Donna Webb and I pass each other once a month and we are perpetually going to have to grab lunch. She’s one of my favorite people to run into – that crazy smart person who is always happy to see you. If we were both heading in the same direction, we’d wait for each other and ride the elevator to grab a few extra minutes to chat.  Donna and I had a million of these 10 minute ‘fast talks’ in elevators or doorways. Conversations about how I could help advertise and promote her programs for underrepresented minorities. Conversations about wellness, about how I did fundraising, about balancing editing versus teaching. Invariably, one of us had to run off and we would agree we had have to have coffee. Even better, we could grab lunch.

Donna and I were hired about the same time and her lab is a few floors below mine. We share similar techniques and have published a couple papers together on a shared grant. I quickly realized Donna is the exactly the person you want to go to with grant or paper reviews. She knows precisely how to answer a question without frills. When you get reviews back and it seems like you have to spend six months building a new way to measure something, everyone needs a Donna to reality check you and tell you there is a short, powerful way to answer the question.  

Donna’s lab characterizes imperceptibly small changes in neuronal anatomy during development that are  critical to understanding how chemical signaling builds brain structure. More recently, we’d begun to make some headway into devices and chemical goo we could put together that would make cells behave more like they do in the human body. I’d tapped Donna a few times to help with friend and fundraising and she was amazing. She’d talk to worried parents and grandparents about critical periods when the brain developed and inspire hope. Being able to convey excitement about science and create trust is a rare skill. I fangirl over those who do it well.  I fangirled over Donna a lot.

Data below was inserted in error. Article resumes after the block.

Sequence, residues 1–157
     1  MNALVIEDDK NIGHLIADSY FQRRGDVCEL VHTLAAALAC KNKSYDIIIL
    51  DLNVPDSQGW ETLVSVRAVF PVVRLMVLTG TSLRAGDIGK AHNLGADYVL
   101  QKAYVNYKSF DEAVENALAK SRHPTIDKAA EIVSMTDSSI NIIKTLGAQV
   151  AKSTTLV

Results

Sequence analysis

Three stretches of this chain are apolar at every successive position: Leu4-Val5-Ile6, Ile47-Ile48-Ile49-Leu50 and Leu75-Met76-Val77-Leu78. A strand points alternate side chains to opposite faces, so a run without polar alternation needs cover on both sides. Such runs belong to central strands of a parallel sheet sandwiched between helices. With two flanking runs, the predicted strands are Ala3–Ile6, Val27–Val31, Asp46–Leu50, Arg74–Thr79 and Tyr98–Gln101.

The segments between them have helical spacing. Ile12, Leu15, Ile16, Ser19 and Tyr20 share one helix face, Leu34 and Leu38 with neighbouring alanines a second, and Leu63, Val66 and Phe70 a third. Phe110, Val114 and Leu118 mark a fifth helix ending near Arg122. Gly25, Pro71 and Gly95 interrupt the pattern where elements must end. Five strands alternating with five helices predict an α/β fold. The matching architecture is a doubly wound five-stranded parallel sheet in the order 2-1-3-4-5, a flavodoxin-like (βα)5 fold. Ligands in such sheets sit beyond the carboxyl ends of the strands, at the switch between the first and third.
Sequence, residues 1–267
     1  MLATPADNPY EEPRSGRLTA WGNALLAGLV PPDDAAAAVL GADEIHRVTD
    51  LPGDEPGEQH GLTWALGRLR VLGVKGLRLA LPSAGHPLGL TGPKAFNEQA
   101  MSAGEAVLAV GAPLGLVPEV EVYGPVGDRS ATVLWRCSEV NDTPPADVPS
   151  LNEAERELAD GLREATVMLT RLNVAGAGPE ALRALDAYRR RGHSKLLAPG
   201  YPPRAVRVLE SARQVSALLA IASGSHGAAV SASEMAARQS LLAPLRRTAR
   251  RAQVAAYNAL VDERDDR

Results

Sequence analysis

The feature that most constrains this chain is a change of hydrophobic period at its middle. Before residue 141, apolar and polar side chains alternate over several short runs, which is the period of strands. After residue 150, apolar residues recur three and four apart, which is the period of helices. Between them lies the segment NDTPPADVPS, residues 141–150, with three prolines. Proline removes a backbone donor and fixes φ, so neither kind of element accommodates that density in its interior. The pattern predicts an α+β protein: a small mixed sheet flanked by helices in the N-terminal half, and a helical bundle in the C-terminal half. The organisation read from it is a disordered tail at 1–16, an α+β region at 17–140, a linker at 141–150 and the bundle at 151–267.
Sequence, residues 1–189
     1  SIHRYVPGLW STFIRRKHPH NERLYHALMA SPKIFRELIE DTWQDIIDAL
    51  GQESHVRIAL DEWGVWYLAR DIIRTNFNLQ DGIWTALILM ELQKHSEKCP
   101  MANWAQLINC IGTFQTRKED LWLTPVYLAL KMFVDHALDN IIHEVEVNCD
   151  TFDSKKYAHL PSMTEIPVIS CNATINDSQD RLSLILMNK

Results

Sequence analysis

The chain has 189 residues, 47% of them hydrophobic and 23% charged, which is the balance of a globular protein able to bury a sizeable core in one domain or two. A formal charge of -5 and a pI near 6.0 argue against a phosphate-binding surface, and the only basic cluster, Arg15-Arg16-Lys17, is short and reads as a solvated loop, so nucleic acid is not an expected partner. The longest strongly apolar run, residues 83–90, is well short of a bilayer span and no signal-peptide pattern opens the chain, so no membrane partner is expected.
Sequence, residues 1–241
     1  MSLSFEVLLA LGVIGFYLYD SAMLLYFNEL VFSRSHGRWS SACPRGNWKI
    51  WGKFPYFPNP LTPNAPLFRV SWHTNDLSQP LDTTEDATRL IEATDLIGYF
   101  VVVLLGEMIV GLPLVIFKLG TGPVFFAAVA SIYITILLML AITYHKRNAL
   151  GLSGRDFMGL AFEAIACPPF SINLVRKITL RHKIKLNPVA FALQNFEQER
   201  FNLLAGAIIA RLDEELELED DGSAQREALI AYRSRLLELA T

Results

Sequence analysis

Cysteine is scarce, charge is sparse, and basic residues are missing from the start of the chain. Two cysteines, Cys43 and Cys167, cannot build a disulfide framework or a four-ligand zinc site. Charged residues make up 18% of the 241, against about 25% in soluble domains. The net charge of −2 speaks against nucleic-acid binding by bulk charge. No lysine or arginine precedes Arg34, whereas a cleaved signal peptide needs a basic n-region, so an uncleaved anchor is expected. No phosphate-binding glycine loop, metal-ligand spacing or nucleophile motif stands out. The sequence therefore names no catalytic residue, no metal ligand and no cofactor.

Donna would tell me I was hilarious and try to sit next to me at group meetings because I made them fun. I liked sitting next to her because she had the giggle of a toddler and it made me laugh. For 14 years we talked about how we were going to have lunch. I should say that for me, having lunch was a big deal. I don’t tell people we should have lunch. In rank order, I’d rather have lunch with Ryan Gosling, trainees, community members, support staff, (a long list of others in here), feral animals, sales reps, feral sales reps, folks who write comments on my LinkedIn posts, university lawyers, followed by faculty.

thrive on people who are different than I am. And somewhere along the line, I came to view myself as too busy to have lunch with anyone, even the folks I really wanted to talk to. My lunches with trainees got pushed to the side in lieu of granola bars and yogurt. Lunch seemed like something worth giving up to be a scientist and a mom. But I meant it when I said I wanted to talk more with Donna. Authentic and without guile, her strengths in teaching coupled with mine in outreach were well matched. We had already published together, but it seemed I was always writing a paper, she was writing a grant or vise versa and we kept promising to catch up soon. We never did. On May 15th, Donna died suddenly at the age of 50. We never had lunch.

Go to lunch with the people you like.

NWasp localizes to spines in excitatory synapses from Wegner et al. Donna Webb, the corresponding author.

 

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